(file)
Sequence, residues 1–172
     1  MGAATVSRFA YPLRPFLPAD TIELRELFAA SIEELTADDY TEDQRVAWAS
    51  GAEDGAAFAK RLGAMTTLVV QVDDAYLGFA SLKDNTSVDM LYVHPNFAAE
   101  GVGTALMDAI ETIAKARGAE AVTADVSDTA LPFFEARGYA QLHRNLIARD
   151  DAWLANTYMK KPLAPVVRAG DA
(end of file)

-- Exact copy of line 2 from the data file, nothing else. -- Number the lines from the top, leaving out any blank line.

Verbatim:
     1  MGAATVSRFA YPLRPFLPAD TIELRELFAA SIEELTADDY TEDQRVAWAS